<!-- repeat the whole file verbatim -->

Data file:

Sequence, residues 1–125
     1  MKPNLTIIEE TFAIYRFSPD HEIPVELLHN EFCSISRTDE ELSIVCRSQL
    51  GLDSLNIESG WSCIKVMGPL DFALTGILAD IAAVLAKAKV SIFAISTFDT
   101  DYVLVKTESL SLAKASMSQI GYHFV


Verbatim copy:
Sequence, residues 1–125
     1  MKPNLTIIEE TFAIYRFSPD HEIPVELLHN EFCSISRTDE ELSIVCRSQL
    51  GLDSLNIESG WSCIKVMGPL DFALTGILAD IAAVLAKAKV SIFAISTFDT
   101  DYVLVKTESL SLAKASMSQI GYHFV